King Donovan: Coca Was His Queen

A brief nod now to King Donovan (1918-1987). From 1960 until his death, Donovan was the husband of Imogene Coca. He was, if you will, the Brad Hall to her Julia-Louis-Dreyfus. Like Coca, Donovan was the child of vaudeville performers. Born in New York City in 1918 I find it inconceivable that he wasn’t named after King Baggot, a popular movie star at the time.

During the ’30s, Donovan got some of his first experience acting with the Butler Davenport Theatre in NYC, a socialist experiment that offered free tickets to the audience. After this came stock companies and the U.S.O. His first Broadway was The Vigil (1948). This was followed by bit parts in a slew of films. Some of his first “named” roles were in Singing in the Rain (1952), The Beast from 20,000 Fathoms (1953), The Seven Little Foys (1955) and Invasion of the Body Snatchers (1956). He had recurring roles on The George Burns and Gracie Allen Show and The Bob Cummings Show in the 50s. He guested on a large number of TV series, including The Beverly Hillbillies, in which he played Jake Clampett, a deadbeat relative, in two episodes.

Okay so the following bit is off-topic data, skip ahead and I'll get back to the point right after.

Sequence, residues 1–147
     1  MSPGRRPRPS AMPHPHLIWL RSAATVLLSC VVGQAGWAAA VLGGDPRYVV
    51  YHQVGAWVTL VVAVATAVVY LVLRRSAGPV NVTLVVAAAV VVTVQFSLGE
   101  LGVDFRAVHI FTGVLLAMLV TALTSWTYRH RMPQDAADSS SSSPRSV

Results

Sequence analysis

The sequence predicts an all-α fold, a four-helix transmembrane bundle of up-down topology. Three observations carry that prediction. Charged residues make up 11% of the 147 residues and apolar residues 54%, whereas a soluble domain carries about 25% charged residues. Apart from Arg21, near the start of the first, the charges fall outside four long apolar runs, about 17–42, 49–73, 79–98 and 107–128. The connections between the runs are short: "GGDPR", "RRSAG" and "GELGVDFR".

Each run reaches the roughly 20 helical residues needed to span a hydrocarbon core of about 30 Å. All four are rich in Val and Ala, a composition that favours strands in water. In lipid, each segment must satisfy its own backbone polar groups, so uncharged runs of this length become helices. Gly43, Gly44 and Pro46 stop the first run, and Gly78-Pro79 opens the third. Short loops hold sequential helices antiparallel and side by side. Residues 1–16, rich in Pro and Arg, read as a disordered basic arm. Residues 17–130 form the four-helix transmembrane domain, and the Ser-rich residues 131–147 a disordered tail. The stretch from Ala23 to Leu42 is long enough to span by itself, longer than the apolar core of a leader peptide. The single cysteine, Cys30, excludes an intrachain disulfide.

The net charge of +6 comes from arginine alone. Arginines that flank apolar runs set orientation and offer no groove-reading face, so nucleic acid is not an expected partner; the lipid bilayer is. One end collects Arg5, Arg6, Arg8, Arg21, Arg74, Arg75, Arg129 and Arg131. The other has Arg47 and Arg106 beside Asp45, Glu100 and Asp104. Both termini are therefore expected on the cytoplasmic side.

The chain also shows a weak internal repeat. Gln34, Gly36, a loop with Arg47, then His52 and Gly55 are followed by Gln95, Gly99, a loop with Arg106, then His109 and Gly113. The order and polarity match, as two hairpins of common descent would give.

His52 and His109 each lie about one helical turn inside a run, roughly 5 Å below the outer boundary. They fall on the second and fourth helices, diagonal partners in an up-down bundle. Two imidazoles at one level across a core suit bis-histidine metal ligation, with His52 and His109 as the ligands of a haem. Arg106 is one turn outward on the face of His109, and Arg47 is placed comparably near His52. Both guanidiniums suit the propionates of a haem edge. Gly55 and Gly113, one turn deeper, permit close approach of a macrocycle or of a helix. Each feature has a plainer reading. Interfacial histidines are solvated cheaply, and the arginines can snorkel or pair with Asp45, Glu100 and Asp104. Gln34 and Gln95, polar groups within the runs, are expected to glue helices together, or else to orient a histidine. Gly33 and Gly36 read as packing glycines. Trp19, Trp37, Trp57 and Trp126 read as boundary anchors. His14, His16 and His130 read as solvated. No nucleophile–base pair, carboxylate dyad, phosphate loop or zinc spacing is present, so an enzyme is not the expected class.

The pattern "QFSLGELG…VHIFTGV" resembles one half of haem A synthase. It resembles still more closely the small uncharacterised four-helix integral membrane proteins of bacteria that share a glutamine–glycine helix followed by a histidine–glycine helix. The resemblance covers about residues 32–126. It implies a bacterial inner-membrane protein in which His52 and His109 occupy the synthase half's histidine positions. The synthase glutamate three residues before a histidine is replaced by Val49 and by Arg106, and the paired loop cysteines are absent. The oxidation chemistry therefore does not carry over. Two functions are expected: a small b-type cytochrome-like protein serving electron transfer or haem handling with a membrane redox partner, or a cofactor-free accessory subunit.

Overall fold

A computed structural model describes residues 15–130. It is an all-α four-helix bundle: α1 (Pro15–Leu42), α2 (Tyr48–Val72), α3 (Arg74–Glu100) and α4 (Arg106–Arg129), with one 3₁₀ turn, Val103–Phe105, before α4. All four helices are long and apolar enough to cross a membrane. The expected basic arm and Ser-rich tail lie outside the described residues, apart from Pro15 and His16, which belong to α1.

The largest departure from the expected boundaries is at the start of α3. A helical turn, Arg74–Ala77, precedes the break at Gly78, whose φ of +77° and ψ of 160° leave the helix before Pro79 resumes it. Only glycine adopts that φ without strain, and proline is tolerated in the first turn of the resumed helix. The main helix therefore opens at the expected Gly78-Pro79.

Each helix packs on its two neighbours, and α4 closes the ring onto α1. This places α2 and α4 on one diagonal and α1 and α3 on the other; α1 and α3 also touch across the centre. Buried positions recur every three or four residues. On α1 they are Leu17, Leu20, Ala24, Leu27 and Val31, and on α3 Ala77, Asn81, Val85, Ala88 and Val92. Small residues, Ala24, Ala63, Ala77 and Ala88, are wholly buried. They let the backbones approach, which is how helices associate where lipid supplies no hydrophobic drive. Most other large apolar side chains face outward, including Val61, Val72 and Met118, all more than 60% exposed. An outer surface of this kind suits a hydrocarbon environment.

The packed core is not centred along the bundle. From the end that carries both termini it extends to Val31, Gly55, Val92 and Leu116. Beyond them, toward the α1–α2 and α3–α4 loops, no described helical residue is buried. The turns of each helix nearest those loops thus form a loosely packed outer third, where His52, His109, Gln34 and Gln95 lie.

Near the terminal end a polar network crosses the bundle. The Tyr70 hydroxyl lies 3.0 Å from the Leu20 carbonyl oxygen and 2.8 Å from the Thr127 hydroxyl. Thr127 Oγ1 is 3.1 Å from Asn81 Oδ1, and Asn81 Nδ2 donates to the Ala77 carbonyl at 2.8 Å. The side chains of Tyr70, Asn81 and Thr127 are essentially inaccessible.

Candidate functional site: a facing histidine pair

Donovan’s most significant work may have been behind the camera. He directed the 1963 Tommy Noonan vehicle, Promises, Promises, the first mainstream American film to feature nudity on the part of a star (Jayne Mansfield). It was ahead of its time, but a risk worth taking! Cooper has a walk-on in It’s a Mad, Mad, Mad, Mad World (1963), too — too bad Coca wasn’t in that movie! He also had a recurring role on Please Don’t Eat the Daisies (1967). His last role was in SNL alum Tom Schiller’s 1984 film Nothing Lasts Forever. And nothing does. Donovan died of cancer at age 69.

To find out about the history of vaudeville, please see No Applause, Just Throw Money: The Book That Made Vaudeville Famous,